• If you are (maybe in addition to a software firewall) using a hardware router/firewall, this has its own internet-facing IP and ports. Exactly how to configure it is again depending on brand and version. In principle you should look for something called “Port forwarding” or maybe “Virtual server”. You want to route Evennia’s outgoing ports 4000/4001/4005 from your computer to equivalent “router outgoing ports” that the world can see. The router’s outgoing ports do not have to have to have the same port numbers as evennia’s outgoing ports! For example, you might want to connect evennia’s outgoing port 4001 to an outgoing router port 80 - this is the port HTTP requests use and web browsers automatically look for. If you use port 80 you won’t have to specify the port number in the url of your browser. This would collide with any other web services you are running through this router though.
  • For some hardware routers you have to reboot the router for the firewall changes to to take effect. It’s worth a try if your changes doesn’t seem to come into effect.
  1. At this point you should be able to invite people to play your game on http://230.450.0.222:4001 or via telnet to 230.450.0.222 on port 4000.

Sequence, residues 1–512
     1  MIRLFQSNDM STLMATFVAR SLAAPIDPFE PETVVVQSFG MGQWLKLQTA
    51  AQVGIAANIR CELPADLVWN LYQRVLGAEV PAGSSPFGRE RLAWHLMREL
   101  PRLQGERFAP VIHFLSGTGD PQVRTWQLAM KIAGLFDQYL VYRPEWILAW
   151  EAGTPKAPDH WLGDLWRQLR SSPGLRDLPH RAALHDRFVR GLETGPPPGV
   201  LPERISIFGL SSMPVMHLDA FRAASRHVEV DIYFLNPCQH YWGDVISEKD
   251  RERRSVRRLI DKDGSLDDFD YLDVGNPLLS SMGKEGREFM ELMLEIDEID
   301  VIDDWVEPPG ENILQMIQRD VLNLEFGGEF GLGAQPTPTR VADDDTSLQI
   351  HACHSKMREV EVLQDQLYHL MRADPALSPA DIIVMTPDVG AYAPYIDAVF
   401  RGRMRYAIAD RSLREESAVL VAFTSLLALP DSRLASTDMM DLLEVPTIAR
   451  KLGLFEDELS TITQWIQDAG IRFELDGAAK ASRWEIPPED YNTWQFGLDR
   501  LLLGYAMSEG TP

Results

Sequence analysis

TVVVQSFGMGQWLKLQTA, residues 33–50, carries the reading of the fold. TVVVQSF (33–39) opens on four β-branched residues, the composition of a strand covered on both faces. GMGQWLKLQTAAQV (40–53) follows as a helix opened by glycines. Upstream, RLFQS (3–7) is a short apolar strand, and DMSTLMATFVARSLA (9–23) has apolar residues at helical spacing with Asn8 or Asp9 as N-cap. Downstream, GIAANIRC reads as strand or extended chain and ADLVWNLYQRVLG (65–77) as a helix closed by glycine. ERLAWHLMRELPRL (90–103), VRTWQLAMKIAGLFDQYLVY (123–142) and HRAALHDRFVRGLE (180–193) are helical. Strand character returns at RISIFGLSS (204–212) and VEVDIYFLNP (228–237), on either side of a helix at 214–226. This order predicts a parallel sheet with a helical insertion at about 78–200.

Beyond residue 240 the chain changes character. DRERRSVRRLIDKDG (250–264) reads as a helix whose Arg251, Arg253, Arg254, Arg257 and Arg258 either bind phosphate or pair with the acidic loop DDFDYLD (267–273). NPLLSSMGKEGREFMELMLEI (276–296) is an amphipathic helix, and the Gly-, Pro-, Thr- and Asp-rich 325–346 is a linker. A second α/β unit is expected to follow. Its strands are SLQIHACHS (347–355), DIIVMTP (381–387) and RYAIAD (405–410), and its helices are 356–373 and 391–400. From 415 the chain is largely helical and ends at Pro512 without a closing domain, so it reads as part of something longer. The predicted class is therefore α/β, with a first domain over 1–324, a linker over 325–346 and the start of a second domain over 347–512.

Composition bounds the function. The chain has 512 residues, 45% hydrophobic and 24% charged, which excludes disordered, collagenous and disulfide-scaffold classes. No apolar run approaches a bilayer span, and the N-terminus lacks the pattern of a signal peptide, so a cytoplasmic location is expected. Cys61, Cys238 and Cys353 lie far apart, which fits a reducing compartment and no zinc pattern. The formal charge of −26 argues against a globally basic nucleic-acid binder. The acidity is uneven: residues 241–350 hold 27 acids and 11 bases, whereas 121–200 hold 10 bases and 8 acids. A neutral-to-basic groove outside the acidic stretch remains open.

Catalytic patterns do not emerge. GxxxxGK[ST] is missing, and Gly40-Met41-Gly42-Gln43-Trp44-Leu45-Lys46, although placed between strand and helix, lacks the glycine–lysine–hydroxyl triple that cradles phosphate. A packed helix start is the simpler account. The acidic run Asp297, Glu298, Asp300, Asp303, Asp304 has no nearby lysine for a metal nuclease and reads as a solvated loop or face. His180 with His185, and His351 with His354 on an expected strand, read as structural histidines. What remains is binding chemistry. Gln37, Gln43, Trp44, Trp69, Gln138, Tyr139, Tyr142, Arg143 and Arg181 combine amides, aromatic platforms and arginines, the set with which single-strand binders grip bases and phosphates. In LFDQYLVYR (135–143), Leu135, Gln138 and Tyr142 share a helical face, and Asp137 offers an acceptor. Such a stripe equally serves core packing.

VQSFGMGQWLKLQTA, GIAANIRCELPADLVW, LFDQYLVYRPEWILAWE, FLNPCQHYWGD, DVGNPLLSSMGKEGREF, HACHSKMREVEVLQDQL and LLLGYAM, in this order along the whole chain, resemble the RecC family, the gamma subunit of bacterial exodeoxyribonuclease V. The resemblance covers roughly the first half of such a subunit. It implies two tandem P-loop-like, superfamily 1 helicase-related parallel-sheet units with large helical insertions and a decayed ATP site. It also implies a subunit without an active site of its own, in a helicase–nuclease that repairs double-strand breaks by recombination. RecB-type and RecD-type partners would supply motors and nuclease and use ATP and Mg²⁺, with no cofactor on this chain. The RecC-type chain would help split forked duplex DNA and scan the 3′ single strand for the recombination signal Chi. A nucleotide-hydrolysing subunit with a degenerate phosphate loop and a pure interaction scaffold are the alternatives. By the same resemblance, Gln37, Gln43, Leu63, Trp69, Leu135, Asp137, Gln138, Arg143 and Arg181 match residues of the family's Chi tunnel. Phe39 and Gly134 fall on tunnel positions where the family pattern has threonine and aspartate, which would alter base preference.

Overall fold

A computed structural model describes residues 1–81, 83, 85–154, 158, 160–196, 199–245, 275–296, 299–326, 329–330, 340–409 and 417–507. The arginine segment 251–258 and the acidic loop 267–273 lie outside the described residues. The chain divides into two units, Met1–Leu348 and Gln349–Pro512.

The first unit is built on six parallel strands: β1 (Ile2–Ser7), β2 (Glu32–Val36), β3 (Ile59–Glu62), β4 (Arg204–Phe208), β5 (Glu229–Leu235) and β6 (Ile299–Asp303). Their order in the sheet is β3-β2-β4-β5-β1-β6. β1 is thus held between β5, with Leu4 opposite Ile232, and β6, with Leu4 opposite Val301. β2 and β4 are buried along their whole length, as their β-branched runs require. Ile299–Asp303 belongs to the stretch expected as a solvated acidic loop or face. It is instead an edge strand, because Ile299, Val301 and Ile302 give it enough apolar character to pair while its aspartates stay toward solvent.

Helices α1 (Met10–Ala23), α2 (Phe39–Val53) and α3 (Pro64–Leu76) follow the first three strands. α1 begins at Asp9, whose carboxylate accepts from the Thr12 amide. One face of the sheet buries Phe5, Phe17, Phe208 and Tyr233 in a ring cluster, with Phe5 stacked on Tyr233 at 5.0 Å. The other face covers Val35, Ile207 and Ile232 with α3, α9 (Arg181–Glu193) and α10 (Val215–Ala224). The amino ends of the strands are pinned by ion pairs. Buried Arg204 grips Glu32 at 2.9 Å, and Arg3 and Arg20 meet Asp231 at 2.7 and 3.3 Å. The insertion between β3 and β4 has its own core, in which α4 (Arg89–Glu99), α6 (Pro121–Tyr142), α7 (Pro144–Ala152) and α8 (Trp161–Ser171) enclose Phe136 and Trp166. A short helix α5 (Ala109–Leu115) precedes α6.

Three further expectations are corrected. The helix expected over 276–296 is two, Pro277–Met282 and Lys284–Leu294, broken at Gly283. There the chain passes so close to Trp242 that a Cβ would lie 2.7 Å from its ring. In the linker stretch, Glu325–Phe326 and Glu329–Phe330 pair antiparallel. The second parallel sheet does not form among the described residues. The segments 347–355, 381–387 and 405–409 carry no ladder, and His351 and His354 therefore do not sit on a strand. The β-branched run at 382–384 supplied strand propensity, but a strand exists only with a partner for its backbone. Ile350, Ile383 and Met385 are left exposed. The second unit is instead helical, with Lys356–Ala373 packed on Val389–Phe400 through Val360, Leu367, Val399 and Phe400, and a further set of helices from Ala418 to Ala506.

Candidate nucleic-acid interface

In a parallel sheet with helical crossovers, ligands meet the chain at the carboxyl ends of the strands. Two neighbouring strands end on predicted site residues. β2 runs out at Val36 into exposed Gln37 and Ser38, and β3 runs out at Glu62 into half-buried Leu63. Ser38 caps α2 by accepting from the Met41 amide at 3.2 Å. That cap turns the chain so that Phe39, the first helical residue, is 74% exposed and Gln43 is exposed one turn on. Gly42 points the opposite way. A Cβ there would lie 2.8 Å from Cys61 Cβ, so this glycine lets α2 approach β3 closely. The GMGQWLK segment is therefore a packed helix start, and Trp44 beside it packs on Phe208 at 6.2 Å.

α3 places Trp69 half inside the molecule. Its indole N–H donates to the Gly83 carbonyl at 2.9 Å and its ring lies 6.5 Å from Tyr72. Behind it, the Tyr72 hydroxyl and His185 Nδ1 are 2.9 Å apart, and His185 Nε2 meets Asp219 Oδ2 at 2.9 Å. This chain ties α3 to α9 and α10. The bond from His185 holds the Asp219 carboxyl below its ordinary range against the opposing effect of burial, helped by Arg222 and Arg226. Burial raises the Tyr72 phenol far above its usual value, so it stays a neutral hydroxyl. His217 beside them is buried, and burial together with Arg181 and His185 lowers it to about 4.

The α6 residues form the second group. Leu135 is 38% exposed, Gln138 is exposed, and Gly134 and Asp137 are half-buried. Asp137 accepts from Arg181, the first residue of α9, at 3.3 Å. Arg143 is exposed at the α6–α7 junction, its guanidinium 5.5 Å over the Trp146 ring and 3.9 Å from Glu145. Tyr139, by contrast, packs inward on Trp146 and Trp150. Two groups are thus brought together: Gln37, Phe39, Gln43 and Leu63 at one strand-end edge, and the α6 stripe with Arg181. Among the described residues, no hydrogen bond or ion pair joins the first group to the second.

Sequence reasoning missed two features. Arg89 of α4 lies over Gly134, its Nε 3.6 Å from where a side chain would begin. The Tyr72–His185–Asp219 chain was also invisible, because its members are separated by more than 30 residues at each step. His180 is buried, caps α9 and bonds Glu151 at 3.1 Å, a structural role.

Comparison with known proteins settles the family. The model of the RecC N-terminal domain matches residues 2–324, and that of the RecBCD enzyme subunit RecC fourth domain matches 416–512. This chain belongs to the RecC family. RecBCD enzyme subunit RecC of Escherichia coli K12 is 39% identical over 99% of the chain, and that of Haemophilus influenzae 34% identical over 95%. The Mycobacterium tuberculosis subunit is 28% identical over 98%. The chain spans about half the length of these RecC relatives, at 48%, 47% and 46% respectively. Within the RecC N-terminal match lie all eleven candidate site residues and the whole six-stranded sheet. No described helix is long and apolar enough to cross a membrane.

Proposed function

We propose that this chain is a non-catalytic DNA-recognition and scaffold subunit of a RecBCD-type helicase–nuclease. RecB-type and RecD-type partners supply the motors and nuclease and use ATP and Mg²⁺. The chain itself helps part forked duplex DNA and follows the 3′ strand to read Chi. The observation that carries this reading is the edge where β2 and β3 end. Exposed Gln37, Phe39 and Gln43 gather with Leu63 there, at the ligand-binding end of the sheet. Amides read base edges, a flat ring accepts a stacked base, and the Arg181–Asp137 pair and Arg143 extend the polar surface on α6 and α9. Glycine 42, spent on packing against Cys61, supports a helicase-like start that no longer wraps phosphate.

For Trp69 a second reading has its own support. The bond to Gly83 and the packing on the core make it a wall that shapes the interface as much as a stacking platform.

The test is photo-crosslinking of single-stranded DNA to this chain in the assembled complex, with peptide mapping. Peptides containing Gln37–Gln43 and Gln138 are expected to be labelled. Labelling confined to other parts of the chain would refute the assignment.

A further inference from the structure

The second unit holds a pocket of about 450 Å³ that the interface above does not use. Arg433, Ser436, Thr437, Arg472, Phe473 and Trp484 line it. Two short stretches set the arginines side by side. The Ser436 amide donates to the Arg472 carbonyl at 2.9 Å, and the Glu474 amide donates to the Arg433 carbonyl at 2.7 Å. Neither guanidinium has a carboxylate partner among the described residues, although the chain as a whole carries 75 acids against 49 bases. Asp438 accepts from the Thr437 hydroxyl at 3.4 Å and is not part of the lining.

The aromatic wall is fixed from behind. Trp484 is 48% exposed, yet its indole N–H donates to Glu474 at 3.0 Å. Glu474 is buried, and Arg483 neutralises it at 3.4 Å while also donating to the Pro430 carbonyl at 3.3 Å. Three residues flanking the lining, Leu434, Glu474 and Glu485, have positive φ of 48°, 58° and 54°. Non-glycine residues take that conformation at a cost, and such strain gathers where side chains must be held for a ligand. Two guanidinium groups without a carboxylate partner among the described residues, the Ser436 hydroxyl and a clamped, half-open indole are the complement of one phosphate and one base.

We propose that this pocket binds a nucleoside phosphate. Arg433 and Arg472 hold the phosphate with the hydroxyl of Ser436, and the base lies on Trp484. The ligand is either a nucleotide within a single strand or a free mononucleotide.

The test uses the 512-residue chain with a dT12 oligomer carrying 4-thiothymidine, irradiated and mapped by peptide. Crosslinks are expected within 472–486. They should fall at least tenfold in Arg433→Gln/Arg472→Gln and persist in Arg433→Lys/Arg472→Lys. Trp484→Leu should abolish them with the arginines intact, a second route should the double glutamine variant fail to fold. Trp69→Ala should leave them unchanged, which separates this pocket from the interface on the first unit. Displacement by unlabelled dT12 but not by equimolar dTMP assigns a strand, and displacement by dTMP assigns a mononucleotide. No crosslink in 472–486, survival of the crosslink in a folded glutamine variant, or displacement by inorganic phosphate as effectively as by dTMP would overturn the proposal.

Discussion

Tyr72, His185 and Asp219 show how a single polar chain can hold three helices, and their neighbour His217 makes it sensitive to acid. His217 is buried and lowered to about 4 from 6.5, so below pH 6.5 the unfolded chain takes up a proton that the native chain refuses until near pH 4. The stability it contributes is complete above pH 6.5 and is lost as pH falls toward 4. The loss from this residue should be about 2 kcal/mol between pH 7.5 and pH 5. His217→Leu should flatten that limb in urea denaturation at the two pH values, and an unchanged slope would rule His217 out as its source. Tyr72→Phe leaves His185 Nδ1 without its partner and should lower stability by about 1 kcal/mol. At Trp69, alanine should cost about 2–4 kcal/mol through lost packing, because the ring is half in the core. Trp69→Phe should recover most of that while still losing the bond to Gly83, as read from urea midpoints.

A complication with using a specific IP address like this is that your home IP might not remain the same. Many ISPs (Internet Service Providers) allocates a dynamic IP to you which could change at any time. When that happens, that IP you told people to go to will be worthless. Also, that long string of numbers is not very pretty, is it? It’s hard to remember and not easy to use in marketing your game. What you need is to alias it to a more sensible domain name - an alias that follows you around also when the IP changes.

  1. To set up a domain name alias, we recommend starting with a free domain name from FreeDNS. Once you register there (it’s free) you have access to tens of thousands domain names that people have “donated” to allow you to use for your own sub domain. For example, is one of those available domains. So tying our IP address to using the subdomain evennia would mean that one could henceforth direct people to for their gaming needs - far easier to remember!

  2. So how do we make this new, nice domain name follow us also if our IP changes? For this we need to set up a little program on our computer. It will check whenever our ISP decides to change our IP and tell FreeDNS that. There are many alternatives to be found from FreeDNS:s homepage, one that works on multiple platforms is inadyn. Get it from their page or, in Linux, through something like apt-get install inadyn.

  3. Next, you login to your account on FreeDNS and go to the Dynamic page. You should have a list of your subdomains. Click the Direct URL link and you’ll get a page with a text message. Ignore that and look at the URL of the page. It should be ending in a lot of random letters. Everything after the question mark is your unique “hash”. Copy this string.

  4. You now start inadyn with the following command (Linux):

    inadyn --dyndns_system -a <my.domain>,<hash> &